An ELI Member Webinar
Agriculture is facing a crossroads: while technologies and innovative practices are increasing productivity, these advances are not always sustainable. Furthermore, climate change is contributing to unpredictable crop yields. Sustainability has become an ever-growing concern among industry leaders, which may challenge the use of some long held practices. Technologies and traditional agriculture practices still common worldwide – tilling, monoculture operations, and synthetic fertilizer and pesticide use, amongst others – degrade and deplete topsoil over time, leading to erosion, run off, and non-point source pollution. Further, synthetic fertilizers and pesticides have the potential to damage the broader environment through air and water pollution.
In February, 21 agricultural groups launched the Farmers for a Sustainable Future (FSF) coalition to forge a more sustainable industry by focusing on improved soil health, water conservation, and the reduction of greenhouse gas (GHG) emissions. While government measures and the Farm Bill have long supported voluntary incentive-based conservation programs, some believe these efforts to be inconsistently applied, subject to volatile markets and international trade schemes, and call for more of a balance between broad GHG goals and on the ground work reducing nonpoint source pollution and the overuse of pesticides. Yet overall, GHG emissions from agriculture appear to be declining and improvements in productivity require fewer inputs such as land, water, and nutrients.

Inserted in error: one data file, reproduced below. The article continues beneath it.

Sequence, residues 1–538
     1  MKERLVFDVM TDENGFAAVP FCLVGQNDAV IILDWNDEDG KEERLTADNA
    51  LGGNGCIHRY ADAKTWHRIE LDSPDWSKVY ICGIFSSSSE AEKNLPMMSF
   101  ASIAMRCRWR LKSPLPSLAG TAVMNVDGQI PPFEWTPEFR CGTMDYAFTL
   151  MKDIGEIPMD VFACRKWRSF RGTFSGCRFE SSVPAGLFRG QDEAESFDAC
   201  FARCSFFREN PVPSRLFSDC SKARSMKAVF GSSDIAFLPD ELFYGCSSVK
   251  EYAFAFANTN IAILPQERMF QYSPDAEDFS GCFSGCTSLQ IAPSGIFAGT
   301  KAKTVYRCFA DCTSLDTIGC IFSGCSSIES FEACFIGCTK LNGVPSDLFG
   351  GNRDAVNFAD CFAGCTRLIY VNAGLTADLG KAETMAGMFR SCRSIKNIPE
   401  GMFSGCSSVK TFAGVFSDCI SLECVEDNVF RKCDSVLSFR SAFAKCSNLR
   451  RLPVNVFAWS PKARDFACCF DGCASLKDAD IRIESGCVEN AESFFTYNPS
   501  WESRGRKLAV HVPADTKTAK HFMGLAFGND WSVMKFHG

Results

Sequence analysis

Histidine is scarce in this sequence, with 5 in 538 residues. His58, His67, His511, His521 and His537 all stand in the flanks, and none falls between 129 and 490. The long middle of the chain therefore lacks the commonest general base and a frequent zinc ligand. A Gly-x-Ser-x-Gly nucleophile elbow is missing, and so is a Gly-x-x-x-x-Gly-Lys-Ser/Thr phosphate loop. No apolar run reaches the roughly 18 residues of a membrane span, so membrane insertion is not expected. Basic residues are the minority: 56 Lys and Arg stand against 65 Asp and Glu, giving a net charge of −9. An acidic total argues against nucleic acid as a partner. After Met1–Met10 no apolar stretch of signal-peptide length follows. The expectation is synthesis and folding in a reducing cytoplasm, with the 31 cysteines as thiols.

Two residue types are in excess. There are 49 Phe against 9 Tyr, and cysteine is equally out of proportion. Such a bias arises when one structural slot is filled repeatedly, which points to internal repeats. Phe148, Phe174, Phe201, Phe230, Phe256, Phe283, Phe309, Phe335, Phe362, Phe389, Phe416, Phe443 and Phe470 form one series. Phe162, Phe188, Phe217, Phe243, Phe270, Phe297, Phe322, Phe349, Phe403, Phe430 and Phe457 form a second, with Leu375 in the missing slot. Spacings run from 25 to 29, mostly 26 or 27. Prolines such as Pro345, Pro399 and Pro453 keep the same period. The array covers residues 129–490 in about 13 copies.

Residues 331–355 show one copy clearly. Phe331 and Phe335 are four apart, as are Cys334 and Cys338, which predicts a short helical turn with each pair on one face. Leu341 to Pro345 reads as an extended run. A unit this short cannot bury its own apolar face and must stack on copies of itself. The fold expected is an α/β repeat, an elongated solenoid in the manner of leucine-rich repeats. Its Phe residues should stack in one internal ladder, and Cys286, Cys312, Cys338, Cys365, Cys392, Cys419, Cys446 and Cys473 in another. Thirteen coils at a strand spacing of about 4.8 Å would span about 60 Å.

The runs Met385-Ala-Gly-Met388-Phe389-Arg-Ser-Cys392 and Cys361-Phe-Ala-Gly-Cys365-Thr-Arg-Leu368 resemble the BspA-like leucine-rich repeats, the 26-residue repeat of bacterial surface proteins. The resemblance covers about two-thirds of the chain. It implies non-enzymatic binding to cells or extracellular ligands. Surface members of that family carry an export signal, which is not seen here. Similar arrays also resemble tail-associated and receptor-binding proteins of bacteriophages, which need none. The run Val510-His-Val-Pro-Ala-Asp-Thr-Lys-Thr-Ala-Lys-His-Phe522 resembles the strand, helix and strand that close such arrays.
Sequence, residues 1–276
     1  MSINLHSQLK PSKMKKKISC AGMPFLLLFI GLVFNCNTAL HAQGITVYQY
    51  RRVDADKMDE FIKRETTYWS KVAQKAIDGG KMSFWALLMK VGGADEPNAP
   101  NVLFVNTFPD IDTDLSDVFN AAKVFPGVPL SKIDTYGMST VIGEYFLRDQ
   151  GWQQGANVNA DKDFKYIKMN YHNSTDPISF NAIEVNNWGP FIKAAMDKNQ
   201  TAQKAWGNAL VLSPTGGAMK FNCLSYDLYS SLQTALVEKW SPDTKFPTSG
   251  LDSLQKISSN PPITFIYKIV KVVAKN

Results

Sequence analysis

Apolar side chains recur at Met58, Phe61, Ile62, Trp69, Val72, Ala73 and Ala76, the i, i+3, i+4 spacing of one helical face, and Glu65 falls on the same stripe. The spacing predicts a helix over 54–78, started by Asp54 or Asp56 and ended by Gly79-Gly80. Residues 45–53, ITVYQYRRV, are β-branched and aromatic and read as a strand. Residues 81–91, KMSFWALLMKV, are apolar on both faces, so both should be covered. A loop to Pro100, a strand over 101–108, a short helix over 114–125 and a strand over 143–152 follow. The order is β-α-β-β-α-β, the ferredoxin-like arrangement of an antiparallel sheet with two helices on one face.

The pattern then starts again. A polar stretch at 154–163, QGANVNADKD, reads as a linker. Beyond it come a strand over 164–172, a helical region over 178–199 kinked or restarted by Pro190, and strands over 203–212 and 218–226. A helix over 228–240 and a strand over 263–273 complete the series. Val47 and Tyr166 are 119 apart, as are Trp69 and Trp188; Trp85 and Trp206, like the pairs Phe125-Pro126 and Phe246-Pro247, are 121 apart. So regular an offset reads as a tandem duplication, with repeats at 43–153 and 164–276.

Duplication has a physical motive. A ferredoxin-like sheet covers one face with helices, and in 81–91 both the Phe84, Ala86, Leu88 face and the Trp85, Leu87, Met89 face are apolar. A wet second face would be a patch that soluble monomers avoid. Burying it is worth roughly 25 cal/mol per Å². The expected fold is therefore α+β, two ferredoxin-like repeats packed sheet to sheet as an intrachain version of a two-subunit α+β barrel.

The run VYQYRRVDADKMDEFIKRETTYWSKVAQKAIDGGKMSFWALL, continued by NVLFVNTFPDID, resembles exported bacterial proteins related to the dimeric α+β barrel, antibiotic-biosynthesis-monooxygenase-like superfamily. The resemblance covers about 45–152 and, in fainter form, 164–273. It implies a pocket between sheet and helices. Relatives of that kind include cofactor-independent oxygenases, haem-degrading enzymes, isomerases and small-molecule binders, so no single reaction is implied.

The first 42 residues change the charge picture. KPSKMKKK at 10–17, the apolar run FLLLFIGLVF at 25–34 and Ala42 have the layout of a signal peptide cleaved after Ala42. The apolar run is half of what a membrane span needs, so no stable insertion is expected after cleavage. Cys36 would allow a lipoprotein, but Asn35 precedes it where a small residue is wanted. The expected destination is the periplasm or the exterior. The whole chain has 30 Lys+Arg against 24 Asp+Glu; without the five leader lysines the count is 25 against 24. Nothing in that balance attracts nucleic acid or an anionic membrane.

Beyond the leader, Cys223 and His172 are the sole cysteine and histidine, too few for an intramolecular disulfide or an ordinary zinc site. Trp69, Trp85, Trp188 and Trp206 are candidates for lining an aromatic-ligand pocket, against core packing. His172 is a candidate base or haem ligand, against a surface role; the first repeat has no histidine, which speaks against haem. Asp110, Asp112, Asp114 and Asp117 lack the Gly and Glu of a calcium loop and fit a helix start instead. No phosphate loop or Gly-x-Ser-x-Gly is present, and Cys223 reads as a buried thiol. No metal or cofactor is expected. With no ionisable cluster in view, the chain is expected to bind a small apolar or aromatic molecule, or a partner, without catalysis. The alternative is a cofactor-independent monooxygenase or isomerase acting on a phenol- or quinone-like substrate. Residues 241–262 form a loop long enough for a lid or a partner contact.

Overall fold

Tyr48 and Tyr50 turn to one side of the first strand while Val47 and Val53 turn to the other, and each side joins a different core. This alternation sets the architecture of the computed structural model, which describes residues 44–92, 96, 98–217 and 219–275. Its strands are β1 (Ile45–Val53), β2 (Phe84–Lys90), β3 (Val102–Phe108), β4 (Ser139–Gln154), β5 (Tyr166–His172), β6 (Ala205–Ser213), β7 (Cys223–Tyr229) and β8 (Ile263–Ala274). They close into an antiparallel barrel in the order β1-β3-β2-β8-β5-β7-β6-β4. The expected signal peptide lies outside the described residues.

What is driving sustainability in agricultural? What are the best practices to foster sustainability in agriculture? What are the conservation components of the current Farm Bill and are they seen as successful? Our panelists explored these questions and more as they dove into the opportunities and obstacles for promoting sustainability in agriculture.
Linda Breggin, Director of the Center for State, Tribal, and Local Environmental Programs, and Senior Attorney, Environmental Law Institute, Moderator
Tim Fink, Federal Policy Director, American Farmland Trust
Amy Hughes, Senior Manager, Technology, Working Lands, Environmental Defense Fund (EDF)
Rachel Lattimore, Senior Vice President and General Counsel CropLife America
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